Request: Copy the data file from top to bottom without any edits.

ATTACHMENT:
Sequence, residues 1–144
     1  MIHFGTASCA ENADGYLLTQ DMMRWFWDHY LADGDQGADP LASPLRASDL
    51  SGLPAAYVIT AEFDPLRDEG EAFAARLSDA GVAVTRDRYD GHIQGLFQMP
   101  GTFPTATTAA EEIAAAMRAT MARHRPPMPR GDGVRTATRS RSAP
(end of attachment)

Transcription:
Sequence, residues 1–144
     1  MIHFGTASCA ENADGYLLTQ DMMRWFWDHY LADGDQGADP LASPLRASDL
    51  SGLPAAYVIT AEFDPLRDEG EAFAARLSDA GVAVTRDRYD GHIQGLFQMP
   101  GTFPTATTAA EEIAAAMRAT MARHRPPMPR GDGVRTATRS RSAP